In the second part of the chapter, we developed recommendation domains to adapt cocoa production in Côte d’Ivoire to climate change. The recommendation domains are based on a degree-of-impact concept that supports stakeholders to design and roll out locally adequate adaptation measures. The domains are easier to interpret for stakeholders than previous impact assessments, but are equally methodologically robust. To develop the domains, we combined a data-driven method with a participatory validation process. The resulting maps were in line with state-of-the-art climate impact assessments, but additionally relate to local perceptions of cocoa ecological zones and production systems. As a result, the domains are framed within local knowledge and are more acceptable and accessible than conventional work.

We differentiated zones by the degree of necessary adaptation effort. In a low-change scenario, adaptation can be incremental, using relatively minor interventions such integrated pest management, adjustment of shade levels and more generally, good agricultural practices. A higher degree of change requires a systemic adaptation using more shade trees, potentially drip irrigation, or a change of cocoa variety. The future climate in some zones currently growing cocoa was found to be unsuitable for that crop, and as a result a shift to other crops might need to be considered. Alternatively, an extensive production system with a high degree of functional shade and income diversification may be necessary.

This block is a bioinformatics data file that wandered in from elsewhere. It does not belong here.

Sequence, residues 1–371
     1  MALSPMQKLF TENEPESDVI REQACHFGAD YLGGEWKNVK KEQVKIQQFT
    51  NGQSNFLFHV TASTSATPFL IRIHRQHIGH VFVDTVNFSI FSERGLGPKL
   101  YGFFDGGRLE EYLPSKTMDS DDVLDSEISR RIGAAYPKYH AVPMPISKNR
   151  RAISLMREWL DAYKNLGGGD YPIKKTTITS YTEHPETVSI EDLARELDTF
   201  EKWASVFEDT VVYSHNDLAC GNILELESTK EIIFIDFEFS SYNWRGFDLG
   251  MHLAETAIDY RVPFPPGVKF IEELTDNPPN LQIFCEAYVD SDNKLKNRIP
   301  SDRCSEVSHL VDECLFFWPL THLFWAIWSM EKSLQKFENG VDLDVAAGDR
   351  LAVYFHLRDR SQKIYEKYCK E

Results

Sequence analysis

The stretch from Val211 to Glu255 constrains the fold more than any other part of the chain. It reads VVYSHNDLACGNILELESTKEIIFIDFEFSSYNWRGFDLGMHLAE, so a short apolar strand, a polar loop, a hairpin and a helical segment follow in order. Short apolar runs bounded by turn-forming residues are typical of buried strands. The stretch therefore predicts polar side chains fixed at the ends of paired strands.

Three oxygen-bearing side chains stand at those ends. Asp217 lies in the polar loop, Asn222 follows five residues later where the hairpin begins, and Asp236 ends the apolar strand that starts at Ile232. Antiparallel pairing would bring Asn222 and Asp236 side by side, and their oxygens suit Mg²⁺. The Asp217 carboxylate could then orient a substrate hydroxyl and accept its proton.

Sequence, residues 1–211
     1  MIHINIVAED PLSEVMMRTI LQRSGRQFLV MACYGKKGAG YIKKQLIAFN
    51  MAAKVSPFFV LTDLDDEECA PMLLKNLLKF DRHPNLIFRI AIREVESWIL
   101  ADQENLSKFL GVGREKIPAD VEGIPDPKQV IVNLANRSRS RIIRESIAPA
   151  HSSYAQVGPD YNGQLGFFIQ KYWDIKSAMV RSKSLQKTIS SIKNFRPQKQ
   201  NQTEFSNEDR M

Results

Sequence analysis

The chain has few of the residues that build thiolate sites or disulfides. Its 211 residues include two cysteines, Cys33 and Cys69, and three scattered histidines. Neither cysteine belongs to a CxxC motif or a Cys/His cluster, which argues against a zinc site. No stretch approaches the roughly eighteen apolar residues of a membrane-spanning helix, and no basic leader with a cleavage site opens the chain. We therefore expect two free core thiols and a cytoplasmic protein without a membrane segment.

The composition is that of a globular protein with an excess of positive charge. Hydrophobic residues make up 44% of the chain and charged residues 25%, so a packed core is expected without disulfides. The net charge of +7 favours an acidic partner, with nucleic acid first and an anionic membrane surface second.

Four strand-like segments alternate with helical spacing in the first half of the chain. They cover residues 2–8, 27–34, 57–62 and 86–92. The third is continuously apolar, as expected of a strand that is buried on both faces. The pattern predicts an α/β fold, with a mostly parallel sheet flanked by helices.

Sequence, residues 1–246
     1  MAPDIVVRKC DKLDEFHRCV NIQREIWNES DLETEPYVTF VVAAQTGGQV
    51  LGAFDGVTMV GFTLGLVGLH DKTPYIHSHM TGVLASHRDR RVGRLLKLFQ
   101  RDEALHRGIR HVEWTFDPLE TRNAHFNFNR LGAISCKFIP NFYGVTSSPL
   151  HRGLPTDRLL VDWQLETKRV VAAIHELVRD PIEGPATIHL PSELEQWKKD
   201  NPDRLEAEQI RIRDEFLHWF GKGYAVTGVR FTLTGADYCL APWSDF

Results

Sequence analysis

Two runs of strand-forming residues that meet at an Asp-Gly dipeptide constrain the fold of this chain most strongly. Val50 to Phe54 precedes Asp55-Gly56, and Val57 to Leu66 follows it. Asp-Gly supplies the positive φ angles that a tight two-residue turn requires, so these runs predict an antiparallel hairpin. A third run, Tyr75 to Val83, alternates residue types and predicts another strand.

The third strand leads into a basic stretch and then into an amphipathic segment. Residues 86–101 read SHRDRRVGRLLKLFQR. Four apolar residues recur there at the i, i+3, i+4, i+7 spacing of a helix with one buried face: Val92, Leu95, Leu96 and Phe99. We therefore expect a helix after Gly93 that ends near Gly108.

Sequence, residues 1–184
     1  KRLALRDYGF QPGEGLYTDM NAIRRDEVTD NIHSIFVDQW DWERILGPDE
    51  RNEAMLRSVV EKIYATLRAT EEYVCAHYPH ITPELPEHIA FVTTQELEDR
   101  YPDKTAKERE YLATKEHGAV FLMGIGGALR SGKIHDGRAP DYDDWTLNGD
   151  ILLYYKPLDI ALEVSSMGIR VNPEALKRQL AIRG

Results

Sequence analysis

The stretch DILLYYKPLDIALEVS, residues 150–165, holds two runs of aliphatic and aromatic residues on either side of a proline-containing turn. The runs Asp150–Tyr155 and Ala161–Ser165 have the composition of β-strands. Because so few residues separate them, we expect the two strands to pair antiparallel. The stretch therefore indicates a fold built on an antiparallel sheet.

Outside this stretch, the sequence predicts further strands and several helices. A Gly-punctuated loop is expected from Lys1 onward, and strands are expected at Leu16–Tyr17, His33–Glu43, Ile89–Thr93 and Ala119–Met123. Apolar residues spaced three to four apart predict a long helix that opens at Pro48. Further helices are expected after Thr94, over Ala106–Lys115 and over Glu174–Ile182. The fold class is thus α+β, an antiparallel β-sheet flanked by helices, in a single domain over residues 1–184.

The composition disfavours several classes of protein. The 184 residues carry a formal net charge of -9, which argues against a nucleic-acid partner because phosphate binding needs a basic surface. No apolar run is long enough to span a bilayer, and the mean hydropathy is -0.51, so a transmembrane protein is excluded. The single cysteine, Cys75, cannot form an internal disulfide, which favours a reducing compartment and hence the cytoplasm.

Additionally, we point out zones where global climate models do not exhibit the necessary degree of agreement to support specific technological packages and where emphasis should be put on increasing the resilience of producers.

Thus, one of the challenges for climate-smart cocoa production is scale. Implementation of practices in lighthouse projects through sustainability initiatives constitutes the first step towards dissemination to the hundreds of thousands of smallholder farmers in remote regions. Widespread adoption will require the inclusion of actors along the entire value chain including policy makers, processors, traders and local organizations to provide producers with the right incentives to reduce the overall vulnerability of the cocoa sector to climate change. This approach means moving beyond individual responses and identifying leverage points for more systemic change. Clearly, this challenge cannot be successfully met by one actor alone in one geography.


The major challenge for the cocoa sector remains how to coordinate better, change incentive structures in commercial and political relationships rapidly and at sufficient scale to get in front of the projected impacts from climate change. Without successful collective action, the widespread establishment of resilient cocoa systems able to thrive under future climates remains doubtful.

Visit  for more results of the study and details on the methods used.

For more information contact:

Christian Bunn

Christian Bunn

Postdoctoral Scientist-Sustainable Food Systems